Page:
If anyone comes to Me and does not hate his father and mother, wife and children, brothers and sisters, yes, and his own life also, he cannot be My disciple.  Notice how these are all people of relationship and fellowship.  They are, at least for this illustration of our Lord, the people most dear to us, our friends our family.  In this Jesus calls those who would bear His name, Christians, truly not to hate in the way we think, but to hold Him higher than everyone we love, even ourselves. If we love our selves more, He tells us then we can not follow Him.  If we love our sin, more than His holiness, we cannot follow.  If we love our way more than Christ’s Way, we cannot follow.  If we love our family or our clicks, above His body, His family, then we cannot follow.  If we love our past wounds, our pain, or grudges more than Christ’s word to forgive and be reconciled to our brothers and sisters, then we have not considered the true cost of what it takes to build this Church. If we hoard Christ’s mercy and forgiveness for ourselves and do not forgive one another, then this building left unfinished will be an everlasting mirror to ourselves: His work left unfinished in us.  BTW Anyone happen to notice who isn’t included in Jesus list of people we are to “hate”, who our wills would want on that list? Anyone? Our enemies. Jesus calls us to love them.

You may be surprised to know this, well because I was a bit surprised, that Luther never included in his German Mass a brief order for confession and forgiveness.  It actually comes to us from Philip Melanchthon, which is another story. Luther never included it in his revision of the mass, for Him he was always pushing for people to go to  private confession and absolution before their pastors. There to confess actual sin which troubled actual souls as opposed to a generic confession of sinfulness.  For Luther, he saw the clear balm of absolution in the Mass, not tied with a brief Order, but rather in the sharing of the Peace. In his Formula Missae of 1523 Luther writes, “[The peace of the Lord be with you always, followed by its response]...is a public absolution of sins of the communicants, the true voice of the gospel announcing remission of sins, and therefore the one and most worthy preparation for the Lord’s Table, if faith holds to these words as coming from the mouth of Christ himself.” And true faith does hold them so, they are the Words of Christ and before coming up to the altar to receive His Body and Blood we receive His word which creates what it speaks, true abiding peace.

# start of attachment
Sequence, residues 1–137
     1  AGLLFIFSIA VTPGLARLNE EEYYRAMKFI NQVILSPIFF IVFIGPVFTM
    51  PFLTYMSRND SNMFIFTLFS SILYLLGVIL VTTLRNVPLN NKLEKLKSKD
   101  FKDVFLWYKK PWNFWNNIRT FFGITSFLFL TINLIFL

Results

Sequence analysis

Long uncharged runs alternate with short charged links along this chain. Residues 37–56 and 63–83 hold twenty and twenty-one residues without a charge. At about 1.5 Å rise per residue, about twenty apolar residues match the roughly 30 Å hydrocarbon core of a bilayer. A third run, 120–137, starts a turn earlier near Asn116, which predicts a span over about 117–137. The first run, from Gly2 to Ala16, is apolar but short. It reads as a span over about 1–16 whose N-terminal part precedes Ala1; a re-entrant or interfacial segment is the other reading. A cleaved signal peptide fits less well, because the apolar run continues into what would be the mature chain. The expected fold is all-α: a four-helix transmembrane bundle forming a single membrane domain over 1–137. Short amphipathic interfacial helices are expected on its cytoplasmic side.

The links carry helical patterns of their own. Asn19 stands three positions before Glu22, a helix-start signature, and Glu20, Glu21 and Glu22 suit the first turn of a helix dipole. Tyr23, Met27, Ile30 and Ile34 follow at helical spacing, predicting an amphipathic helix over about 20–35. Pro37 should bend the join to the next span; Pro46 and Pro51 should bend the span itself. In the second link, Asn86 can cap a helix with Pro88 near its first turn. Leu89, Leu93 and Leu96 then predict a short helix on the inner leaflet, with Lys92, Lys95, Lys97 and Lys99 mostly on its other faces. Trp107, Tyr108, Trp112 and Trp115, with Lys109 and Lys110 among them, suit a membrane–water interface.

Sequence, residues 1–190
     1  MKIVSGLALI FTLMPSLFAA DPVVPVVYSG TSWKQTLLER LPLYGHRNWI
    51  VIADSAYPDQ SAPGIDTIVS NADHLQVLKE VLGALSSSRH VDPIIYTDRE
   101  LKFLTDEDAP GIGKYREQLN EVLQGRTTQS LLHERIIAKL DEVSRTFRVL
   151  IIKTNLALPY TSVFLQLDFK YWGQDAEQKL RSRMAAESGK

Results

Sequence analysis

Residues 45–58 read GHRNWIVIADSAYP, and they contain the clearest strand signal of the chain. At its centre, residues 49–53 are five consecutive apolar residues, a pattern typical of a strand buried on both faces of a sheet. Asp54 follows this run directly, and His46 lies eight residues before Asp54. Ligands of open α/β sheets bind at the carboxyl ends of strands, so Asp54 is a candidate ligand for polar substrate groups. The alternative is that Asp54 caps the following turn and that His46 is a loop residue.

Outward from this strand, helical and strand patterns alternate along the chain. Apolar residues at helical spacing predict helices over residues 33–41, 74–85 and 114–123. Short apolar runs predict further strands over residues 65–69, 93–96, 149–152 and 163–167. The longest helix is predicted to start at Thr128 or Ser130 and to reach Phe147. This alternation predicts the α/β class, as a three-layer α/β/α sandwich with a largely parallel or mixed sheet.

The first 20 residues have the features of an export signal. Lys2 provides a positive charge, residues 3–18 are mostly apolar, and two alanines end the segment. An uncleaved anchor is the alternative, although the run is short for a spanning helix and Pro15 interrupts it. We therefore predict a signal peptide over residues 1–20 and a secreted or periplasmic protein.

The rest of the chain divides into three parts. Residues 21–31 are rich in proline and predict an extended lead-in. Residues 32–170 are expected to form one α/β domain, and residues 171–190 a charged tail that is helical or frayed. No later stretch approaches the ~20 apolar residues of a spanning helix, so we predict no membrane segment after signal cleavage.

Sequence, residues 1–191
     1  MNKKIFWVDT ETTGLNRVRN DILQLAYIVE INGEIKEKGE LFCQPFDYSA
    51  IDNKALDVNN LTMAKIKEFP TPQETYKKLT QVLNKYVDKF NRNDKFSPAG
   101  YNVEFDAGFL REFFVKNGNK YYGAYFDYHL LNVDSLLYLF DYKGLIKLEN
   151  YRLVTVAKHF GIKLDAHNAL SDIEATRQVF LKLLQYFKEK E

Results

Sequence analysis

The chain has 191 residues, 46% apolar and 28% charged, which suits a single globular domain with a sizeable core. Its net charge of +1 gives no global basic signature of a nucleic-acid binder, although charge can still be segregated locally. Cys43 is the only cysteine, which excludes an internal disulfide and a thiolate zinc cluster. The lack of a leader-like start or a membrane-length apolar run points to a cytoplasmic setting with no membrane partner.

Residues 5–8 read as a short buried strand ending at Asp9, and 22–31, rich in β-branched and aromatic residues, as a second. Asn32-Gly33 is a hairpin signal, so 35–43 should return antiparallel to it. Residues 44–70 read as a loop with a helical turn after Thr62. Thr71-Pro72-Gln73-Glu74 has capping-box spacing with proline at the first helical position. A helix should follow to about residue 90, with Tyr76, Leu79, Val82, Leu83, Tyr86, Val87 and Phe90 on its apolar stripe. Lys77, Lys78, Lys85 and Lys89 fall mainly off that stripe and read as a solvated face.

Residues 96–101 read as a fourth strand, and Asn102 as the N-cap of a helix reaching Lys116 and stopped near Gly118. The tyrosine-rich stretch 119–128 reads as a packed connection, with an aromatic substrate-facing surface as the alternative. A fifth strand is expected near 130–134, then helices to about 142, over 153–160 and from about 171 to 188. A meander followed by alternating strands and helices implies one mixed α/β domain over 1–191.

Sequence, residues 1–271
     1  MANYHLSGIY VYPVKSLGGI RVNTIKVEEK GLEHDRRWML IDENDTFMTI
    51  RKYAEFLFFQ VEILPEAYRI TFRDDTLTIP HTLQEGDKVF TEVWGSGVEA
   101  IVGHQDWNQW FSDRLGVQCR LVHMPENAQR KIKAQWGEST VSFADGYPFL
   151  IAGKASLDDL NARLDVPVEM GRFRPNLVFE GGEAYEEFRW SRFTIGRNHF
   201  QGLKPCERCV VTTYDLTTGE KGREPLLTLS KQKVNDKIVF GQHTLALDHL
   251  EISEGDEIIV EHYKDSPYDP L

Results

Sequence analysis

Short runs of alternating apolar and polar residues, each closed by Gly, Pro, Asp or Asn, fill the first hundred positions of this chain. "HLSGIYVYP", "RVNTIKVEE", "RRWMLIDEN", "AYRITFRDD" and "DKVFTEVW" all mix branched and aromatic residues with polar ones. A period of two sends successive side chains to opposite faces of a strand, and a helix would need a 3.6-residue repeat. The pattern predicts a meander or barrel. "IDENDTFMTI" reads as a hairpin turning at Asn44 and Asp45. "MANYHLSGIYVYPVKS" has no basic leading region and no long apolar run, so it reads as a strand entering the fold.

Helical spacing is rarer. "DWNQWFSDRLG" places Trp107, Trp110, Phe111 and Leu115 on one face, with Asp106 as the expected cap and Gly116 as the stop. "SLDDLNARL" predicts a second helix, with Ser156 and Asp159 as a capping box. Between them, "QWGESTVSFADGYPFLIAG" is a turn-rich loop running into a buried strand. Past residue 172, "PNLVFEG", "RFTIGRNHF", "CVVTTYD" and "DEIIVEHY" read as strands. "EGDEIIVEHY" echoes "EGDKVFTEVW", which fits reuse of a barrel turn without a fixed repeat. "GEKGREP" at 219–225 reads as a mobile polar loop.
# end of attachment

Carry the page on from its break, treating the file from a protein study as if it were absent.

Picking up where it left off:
His peace is given to us and before we dare approach His altar, we share His peace with one another, with our friends, but more importantly with our supposed enemies. Here in this seemingly small liturgical exchange is lived out, what Luther calls the mutual consolation of the brethren. A means of God’s grace in which we are the actors of His powerful work, of healing, forgiving one another, and uniting us together under His holy banner.  There in the receiving and sharing of Christ’s peace the Church is continually built to be what it truly is to be: the Body of our Lord Jesus Christ. We receive His peace, share His peace, and then come with joy to receive His life given and shed for us in bread and wine.  In the depth of His forgiveness and forgiving one another our true salvation and the joy of paradise is lived and encountered here and now.  Therefore in a few moments, my brothers and sisters, let us take all the time we need to truly share the peace of Christ with one another, keeping at bay the taunts and laughs of our true enemy, the Evil One, and continue being built by the Holy Spirit into the Church of God.  Amen.